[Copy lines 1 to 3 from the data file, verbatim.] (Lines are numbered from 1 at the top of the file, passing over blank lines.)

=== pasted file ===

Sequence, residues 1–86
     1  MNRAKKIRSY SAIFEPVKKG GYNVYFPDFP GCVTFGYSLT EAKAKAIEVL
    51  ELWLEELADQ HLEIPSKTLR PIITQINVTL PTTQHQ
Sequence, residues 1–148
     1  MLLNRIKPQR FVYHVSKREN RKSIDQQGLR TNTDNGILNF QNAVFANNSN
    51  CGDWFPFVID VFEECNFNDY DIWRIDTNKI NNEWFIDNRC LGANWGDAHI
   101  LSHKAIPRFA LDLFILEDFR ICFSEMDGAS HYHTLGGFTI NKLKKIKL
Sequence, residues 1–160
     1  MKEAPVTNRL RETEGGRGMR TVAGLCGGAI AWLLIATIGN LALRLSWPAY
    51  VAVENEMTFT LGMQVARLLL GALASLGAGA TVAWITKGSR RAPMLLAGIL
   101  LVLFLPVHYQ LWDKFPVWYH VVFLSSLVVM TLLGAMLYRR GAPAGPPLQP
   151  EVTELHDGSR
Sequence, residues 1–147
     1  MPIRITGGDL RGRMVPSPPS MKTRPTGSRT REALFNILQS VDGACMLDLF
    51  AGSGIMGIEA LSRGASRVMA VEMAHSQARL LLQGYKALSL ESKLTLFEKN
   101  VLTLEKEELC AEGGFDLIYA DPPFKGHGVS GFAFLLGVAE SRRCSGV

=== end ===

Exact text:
Sequence, residues 1–86
     1  MNRAKKIRSY SAIFEPVKKG GYNVYFPDFP GCVTFGYSLT EAKAKAIEVL
    51  ELWLEELADQ HLEIPSKTLR PIITQINVTL PTTQHQ